>> Tunic

Finished on Xbox with the pacifist ending

Tunic is a very deceptive game where its art style and aesthetics indicate a Zelda inspired game yet for the most part it is a basic Souls-like with stamina, roll, death and other genre mechanics. What makes this game special is its bold commitment to hide or obscure information such as its mechanics, tutorial, story and in particular the in-game manual which appeals to nostalgia when game cartridges used to come with a manual but a foreign language. In a way, understanding and beating the game with the bits and pieces becomes its own meta-game. To summarize my thoughts and feelings though, I can break down the game by its two end goals.

If the player's goal is to free the princess and beat the last boss, the game is an action game. As a Souls-like though, it is rather simple and basic without much depth even with the talismans and items. Talking about the combat mechanics, I find it strange that the player receives more damage when their stamina is low or critical. The only thing that consumes stamina is rolling and guarding to prevent overreliance, but the stamina resource becomes a non-issue with enough stat upgrades. Once the dodge is upgraded, blocking becomes less viable or appealing, making dodge the only consumer since it is much faster and safer. I think items and attacks should also require stamina, but the game would be significantly slower than it has to just to make stamina meaningful. So removing stamina altogether, adding a slight cooldown to dodge and perhaps a seperate guard resource would be a better experience.

Next, the parry mechanic feels awkward with a delayed timing since the animation is so long with a long startup, short active window and a long recovery. It vastly differs from the quick reaction-based parry or deflection; however, this style of parry requires time or experimentation to determine the actual delayed parry timing. The reward for parrying is an enemy stagger, but this can be outright slower and riskier while the magic items can be more efficient and faster specially the grab or fireball magic item. Another issue is that some enemies attacks are faster than the startup that must be parried before any attack animation like the tall spear enemy's thrust which feel awkward. I think just removing the startup but keeping the long recovery would be okay.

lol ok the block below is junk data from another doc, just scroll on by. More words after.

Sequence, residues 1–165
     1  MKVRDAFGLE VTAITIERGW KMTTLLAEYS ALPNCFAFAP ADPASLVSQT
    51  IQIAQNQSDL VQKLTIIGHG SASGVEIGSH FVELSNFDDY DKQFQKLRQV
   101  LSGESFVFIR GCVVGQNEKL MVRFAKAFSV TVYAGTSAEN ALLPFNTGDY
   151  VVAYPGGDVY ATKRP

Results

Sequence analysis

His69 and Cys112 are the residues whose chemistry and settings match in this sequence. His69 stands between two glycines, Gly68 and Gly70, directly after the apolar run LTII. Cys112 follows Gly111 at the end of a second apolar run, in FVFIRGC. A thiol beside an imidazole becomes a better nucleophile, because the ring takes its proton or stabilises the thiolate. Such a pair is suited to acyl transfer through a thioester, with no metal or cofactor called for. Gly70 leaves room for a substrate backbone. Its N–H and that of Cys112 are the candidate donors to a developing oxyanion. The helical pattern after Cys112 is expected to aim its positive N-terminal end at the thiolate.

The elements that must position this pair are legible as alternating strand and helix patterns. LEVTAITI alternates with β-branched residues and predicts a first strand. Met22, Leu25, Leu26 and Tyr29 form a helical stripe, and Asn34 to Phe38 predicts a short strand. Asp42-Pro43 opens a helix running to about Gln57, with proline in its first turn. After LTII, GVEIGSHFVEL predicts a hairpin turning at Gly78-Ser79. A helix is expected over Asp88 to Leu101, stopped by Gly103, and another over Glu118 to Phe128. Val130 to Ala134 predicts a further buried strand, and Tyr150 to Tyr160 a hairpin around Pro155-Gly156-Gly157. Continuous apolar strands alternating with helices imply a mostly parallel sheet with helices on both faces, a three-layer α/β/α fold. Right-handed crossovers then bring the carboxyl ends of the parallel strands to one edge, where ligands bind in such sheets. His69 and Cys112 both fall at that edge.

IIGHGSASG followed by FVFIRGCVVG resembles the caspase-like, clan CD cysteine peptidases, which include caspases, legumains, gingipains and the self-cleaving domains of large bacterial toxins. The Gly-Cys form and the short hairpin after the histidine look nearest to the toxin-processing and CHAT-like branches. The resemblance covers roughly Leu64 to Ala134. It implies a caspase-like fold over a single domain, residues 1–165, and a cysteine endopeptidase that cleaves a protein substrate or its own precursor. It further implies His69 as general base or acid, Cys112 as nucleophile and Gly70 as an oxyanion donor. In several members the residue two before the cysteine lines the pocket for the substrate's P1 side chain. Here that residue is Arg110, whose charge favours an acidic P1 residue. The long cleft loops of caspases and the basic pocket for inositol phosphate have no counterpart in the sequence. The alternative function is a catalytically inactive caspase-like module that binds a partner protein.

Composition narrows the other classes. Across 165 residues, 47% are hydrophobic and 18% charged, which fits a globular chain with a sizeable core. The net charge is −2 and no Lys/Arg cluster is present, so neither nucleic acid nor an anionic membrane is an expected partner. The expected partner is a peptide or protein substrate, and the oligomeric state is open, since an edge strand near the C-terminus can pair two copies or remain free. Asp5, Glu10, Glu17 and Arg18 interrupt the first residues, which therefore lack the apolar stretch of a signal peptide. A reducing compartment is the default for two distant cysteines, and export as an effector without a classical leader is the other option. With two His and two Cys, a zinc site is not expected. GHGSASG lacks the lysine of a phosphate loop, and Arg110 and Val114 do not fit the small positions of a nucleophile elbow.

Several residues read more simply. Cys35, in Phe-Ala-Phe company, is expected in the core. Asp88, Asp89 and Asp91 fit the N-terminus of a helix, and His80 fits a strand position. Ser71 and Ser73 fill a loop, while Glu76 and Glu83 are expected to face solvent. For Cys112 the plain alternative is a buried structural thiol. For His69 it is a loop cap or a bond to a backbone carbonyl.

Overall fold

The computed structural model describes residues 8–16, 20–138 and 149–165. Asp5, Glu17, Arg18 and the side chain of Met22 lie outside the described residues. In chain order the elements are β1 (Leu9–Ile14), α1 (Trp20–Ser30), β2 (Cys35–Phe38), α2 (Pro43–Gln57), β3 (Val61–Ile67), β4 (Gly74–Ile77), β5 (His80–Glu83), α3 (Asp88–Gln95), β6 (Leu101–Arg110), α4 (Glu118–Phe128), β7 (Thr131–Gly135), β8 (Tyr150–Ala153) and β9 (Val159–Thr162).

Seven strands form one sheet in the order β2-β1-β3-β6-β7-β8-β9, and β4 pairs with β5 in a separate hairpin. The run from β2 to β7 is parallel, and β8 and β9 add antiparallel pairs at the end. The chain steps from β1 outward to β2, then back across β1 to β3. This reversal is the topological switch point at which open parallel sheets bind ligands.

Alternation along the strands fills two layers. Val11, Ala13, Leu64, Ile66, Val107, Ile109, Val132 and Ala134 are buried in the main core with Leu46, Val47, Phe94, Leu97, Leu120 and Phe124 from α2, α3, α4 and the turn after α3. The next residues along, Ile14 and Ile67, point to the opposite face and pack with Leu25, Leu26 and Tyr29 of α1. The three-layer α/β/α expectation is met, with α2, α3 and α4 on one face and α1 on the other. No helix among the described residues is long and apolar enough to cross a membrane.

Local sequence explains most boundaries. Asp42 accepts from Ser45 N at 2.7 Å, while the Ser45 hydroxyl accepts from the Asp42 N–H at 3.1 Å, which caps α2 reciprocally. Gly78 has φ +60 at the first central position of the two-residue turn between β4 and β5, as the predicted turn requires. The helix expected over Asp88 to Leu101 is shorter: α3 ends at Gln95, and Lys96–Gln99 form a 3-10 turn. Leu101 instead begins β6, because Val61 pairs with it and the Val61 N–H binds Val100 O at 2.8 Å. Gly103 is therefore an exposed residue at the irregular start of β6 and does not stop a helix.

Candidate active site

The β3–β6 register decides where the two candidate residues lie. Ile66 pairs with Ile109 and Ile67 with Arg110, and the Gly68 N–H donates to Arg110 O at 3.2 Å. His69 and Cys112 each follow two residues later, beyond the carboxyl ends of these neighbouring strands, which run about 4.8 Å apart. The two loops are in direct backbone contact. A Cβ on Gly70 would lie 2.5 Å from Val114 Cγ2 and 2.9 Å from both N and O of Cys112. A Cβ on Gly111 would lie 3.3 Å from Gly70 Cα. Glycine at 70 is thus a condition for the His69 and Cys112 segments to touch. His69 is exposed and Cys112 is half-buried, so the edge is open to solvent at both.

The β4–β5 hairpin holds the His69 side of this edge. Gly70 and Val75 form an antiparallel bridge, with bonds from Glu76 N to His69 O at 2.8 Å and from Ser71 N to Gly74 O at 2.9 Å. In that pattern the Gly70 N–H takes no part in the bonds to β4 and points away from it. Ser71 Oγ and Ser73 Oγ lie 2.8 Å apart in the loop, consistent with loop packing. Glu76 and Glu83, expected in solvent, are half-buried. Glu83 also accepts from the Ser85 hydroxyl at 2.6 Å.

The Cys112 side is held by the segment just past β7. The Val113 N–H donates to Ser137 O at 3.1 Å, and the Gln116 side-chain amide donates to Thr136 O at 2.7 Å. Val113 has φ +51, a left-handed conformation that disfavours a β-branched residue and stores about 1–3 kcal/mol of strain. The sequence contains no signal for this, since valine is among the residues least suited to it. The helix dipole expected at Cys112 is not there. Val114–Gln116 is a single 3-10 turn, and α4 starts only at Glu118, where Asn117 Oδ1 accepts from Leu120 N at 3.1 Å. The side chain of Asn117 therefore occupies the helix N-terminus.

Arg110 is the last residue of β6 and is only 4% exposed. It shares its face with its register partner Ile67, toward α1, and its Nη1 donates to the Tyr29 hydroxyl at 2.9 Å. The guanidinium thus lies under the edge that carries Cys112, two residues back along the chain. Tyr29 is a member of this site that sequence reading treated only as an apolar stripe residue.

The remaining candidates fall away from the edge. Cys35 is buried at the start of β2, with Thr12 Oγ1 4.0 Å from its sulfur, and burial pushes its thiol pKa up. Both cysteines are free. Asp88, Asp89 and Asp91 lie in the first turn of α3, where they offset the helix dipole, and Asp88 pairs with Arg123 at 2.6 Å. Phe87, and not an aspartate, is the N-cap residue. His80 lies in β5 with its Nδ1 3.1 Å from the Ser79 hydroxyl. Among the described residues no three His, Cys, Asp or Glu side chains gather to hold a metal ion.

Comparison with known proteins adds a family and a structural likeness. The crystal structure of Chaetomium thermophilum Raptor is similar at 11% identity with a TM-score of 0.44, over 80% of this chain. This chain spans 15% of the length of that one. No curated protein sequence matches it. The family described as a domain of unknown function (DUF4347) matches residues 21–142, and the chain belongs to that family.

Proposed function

The consumable items are also not viable enough or encourage use because of its issues. The first is being they are too expensive relative to enemy drops where it may be more efficient to save for stat upgrades instead. As chest rewards, they are underwhelming or their quantities should be increased. I wish they are also rechargable or common drops from enemies with a limited capacity to encourage use. Another issue is that the enemies and overall combat difficulty and enemy variety do not necessitate use. The one good thing I can say is the extra bonus items when an item is repeatedly use which is a kind of item level or progression, but again the prior issues make it only a minor consolation.

Lastly, the special items and talismans do not change the gameplay that much aside from handling enemies better. If items provide debuffs and magic is restored via attacking, they could offer more utility, depth and be better balanced. One imbalanced item is the pull magic item with its low cost since and stuns enemies momentarily for at least a two hit combo and then pulling again to stack the damage and combine that with the magic flask talisman for more uses to easily handle enemies and some bosses. One talisman idea is that ranged items do not consume magic but stamina or allow magic to be refillable through attacks which can make ranged combat more viable in general. Also consider item specific talisman modifiers can be intriguing such as giving the sword a projectile wave, the stick a magic transformation effect, the flame wand a bigger fireball and effect but slower, less stamina on guard while reflecting melee damage and so much more to make gameplay more spicy.

The biggest tell for me is that the combat is not that polished is the combat gauntlet by the midgame. The gauntlet is fighting six enemy waves of enemies in the order the player chooses with only the default stats while redoing the whole if the player dies in between. Items are still accessible although not viable with the low stamina and magic resource, but the defensive talisman is quite valuable here for the survivability. The only difficult part of this gauntlet is the fighting two of the first boss then patience in kiting the remaining waves which feels more attrition than skill. Completing the gauntlet upgraded the dodge to be faster but afterwards the combat peaks in enemy difficulty or mechanics making it seem my investment was meaningless. In a way, this peak also indicates a transition to another genre.